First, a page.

Located on historic Beacon Hill and across from beautiful Boston Common, fine-dining doyenne Barbara Lynch’s flagship restaurant No. 9 Park is refined, regionally inspired French cuisine with Italian influence. From a la carte offerings to a six-course chef’s tasting menu, there are a variety of ways to enjoy this fine-dining destination. When we’re not feeling a full-on splurge, we love to drop in on the bustling cocktail bar for a Palmyra—a refreshingly easy-to-love cocktail made with vodka, lime juice, and mint—and a few dishes like signature Prune Stuffed Gnocchi with foie gras, or prime Steak Tartare. This is also an ideal spot for that fancy business lunch and romantic dinner.
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Late Cambridge resident Julia Child would be proud: Boston’s French culinary scene is booming. Maybe it has something to do with The French Chef’s lasting legacy—or the abundance of local chefs in Boston with haute culinary chops. Whether you’re planning your next tasting-menu splurge or a morning croissant run, you’ll be well served by the options below.
A 2021-newcomer to the Back Bay, Cafe Sauvage is a Parisian-style bistro inspired by the multicultural capital city you’ll find in France today. Owned by a married couple who lived in the 12th arrondissement before emigrating to the states and working at French restaurants in Boston, Cafe Sauvage knows its way around the likes of Roasted Chicken and Steak Frites. But the menu also delves into diverse influences, such as the couscous-and-chickpea Tajine with tomato, almond, and apricot confit. Cafe Sauvage gets creative with a cordials license behind the stylish bar, with drinks such as Chateau Rouge, a prosecco-topped sparkler of citrus vodka and bissap juice; and the Sauvage Espresso ‘Tini with spiced rum. By day, it’s a cafe with croissants and other pastries, sandwiches such as Banh Mi, and a full brunch menu every Friday, Saturday, and Sunday.
Commonwealth Avenue, with its grand homes and tree-lined, European-style mall, befits an upscale French restaurant with strong special-occasion vibes and a manuscript-sized wine list—and Deuxave delivers on all counts. The Back Bay bistro boasts never-had-it-better iterations of classics like the 9 Hour French Onion Soup with Comté cheese and a bone marrow crouton, and Seared Hudson Valley Foie Gras paired with a red currant purée to cut through the buttery richness. Chef Chris Coombs isn’t afraid to color outside the lines, either. His house-made Tagliatelle “Bolognaise” with veal, pancetta, beef, and a thick dollop of mozzarella shouldn’t be missed (even if it’s not technically French).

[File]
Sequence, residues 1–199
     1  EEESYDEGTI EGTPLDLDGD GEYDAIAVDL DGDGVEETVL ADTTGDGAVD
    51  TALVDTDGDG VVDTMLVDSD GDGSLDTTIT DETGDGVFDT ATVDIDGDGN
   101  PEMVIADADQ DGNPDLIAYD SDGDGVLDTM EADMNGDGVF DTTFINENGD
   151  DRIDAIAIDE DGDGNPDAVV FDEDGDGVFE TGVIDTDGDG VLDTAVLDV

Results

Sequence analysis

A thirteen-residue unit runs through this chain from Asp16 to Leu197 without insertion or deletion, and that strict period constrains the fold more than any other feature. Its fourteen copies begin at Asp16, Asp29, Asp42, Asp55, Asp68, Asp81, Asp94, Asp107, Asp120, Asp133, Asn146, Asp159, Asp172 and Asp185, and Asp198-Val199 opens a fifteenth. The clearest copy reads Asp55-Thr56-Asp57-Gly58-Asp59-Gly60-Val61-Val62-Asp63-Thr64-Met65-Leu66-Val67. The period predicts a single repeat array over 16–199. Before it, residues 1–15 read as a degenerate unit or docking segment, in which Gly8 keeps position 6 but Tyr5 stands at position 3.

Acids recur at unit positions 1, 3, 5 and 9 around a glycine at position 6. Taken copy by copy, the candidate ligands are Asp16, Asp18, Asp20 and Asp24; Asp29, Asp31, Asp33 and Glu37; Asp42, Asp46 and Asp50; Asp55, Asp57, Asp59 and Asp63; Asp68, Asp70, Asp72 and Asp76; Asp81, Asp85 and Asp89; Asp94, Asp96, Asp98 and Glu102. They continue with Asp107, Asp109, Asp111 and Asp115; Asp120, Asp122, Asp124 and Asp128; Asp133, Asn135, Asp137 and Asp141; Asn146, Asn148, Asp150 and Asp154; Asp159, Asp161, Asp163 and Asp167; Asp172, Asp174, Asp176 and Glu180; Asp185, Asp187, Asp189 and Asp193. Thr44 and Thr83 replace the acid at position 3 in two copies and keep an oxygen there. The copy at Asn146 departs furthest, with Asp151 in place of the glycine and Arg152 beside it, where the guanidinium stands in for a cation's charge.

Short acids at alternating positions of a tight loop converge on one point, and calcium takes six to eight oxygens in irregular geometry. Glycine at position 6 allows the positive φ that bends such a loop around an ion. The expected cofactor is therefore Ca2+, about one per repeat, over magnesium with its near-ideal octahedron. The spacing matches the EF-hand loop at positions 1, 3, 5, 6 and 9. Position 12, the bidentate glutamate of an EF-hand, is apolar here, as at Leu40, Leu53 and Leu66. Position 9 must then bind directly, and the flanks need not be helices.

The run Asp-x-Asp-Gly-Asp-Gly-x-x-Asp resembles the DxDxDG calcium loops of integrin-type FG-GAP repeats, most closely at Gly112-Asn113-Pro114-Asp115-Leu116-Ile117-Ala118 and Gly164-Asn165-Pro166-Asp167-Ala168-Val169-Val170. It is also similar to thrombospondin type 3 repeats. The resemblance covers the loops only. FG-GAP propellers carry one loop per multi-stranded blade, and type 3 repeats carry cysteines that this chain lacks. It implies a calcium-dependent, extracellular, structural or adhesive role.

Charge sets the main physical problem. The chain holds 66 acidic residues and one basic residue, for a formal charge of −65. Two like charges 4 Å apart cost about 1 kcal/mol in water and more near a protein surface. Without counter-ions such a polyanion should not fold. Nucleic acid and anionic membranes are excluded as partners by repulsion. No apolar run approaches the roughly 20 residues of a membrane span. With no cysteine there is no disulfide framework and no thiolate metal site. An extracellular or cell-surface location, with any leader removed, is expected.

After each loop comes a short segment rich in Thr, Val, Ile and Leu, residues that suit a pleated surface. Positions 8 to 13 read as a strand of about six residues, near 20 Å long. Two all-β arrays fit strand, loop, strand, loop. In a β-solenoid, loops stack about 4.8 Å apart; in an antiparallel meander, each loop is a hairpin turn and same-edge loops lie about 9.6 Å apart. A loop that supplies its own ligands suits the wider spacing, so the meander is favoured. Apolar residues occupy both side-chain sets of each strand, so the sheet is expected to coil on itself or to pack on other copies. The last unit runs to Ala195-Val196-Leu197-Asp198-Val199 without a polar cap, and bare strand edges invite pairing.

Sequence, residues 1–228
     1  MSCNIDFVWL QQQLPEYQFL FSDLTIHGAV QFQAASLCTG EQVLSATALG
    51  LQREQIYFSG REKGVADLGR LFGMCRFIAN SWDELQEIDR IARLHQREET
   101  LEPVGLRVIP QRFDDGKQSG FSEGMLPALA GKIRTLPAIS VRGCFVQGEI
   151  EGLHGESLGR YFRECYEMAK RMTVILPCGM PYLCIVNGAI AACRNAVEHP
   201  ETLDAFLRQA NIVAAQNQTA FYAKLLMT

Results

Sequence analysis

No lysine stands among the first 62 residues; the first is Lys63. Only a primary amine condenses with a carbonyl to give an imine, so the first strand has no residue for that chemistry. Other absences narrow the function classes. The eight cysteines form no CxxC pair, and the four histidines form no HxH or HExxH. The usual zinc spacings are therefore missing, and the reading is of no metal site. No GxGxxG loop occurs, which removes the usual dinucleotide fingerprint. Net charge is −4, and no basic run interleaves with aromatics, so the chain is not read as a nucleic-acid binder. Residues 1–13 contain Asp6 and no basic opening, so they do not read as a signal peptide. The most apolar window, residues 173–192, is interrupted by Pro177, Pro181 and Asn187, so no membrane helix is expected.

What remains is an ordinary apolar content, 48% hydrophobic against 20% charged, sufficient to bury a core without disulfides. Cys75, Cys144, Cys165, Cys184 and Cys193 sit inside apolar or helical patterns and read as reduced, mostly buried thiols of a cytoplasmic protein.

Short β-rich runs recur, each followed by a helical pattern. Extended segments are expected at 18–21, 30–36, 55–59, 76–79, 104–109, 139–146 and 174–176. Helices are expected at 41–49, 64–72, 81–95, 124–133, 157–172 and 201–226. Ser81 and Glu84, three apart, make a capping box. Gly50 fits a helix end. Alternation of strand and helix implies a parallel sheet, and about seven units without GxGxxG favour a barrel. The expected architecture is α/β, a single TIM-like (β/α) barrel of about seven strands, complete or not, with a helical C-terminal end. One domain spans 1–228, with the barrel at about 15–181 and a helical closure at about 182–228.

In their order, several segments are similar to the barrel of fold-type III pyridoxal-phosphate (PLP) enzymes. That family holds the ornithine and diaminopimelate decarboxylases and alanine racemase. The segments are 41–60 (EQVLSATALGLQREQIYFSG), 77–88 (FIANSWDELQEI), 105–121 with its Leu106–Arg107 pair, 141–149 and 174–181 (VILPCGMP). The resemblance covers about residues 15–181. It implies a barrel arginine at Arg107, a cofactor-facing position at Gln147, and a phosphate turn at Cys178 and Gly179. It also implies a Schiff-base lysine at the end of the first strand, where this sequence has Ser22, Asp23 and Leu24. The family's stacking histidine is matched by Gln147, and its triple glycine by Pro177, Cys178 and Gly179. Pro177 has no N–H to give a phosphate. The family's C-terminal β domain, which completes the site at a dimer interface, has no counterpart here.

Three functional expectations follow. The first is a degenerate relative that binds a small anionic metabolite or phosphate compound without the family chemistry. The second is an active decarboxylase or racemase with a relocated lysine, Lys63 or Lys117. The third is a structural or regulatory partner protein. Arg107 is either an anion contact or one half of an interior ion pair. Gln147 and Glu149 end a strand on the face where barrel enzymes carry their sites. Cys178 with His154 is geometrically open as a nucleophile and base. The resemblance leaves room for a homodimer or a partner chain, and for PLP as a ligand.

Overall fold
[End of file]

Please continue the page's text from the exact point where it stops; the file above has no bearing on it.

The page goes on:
Coquette, a Seaport hotel bar, is a dreamy, contemporary adaptation of 18th century Paris that any Francophile will adore. In a stone and soft-hued space with a four-sided bar designed by Boston restaurant group COJE (creators of such seductive spots as Yvonne’s and Mariel), enjoy the finer things like a tall tour de fruits de mer of oysters, shrimp, and more matched with a bubbly blanc de blancs, or a round of Basque Gin & Tonic (sherry, grapefruit, rosemary) to add to a frites-accompanied feast of Prime Porterhouse or Tuna au Poivre. Rousing cocktails like the cognac-based Espresso Martini make liberal use of French spirits, while brasserie dishes such as Duck Chichons, a pâté of whipped duck confit with piquillo pepper jelly and toasted baguette, commingle Spanish and southern French cuisines.
This old-school French bistro is on a cozy corner in Beacon Hill, but it might as well be Paris in 1950. Stroll over to Ma Maison for an intimate atmosphere and dishes by acclaimed French chef Jacky Robert that have stood the test of time. Think luscious Country Pȃté, buttery Escargots imported from Burgundy, fortifying French Onion Soup, and crave-worthy versions of classic dishes like Coq au Vin and Duck Magret a l’Orange. In other words: This is the spot to go to satisfy your craving for Frogs Legs Provencales. With white tablecloths and a robust wine list, this small spot is romantic, but Ma Maison is also fit for a casual dinner, lunch, or weekend brunch. The time-honored traditions continue to impress as Ma Maison collects the accolades.
Fort Point fine dining destination Menton isn’t strictly French: Its namesake, a French town by the Italian border, reflects the hybrid culinary inspiration. But restaurateur Barbara Lynch has perfected the Franco-Italian mashup with dishes like Fennel Maltagliati with a dry-aged duck ragù and golden raisins, and Monkfish Cassoulet with parsnip. There’s a nightly, four-course prix-fixe menu or splurge on a seven- to eight-course Chef’s Whim tasting menu for a culinary experience without comparison. The wine pairing is optional but hard to pass up, as the diverse wine program—which juxtaposes French, Italian, and Austrian labels with American newcomers—is one of the city’s finest.
Troquet on South
Begin dinner at Troquet on South the way you would in France, with fresh-baked rolls and luscious, local butter by way of the Bread & Butter Basket. Bubbly and oysters are also a superb first move at this bistro, which is located near South Station in downtown Boston’s Leather District. While you enjoy your opening course, peruse the hefty book of wines; owner-sommelier Chris Campbell has curated a deep cellar which has earned national recognition. For dinner? Petite Steak Frites with roasted garlic butter and vincotto, or brown-buttery Pan-Seared Scallops may rightfully entice, but don’t let the required 45-minute prep time deter you from ordering the Hudson Valley Duck Breast—the signature dish is très bien.
Updated by Jacqueline Cain. Emily Millian contributed reporting.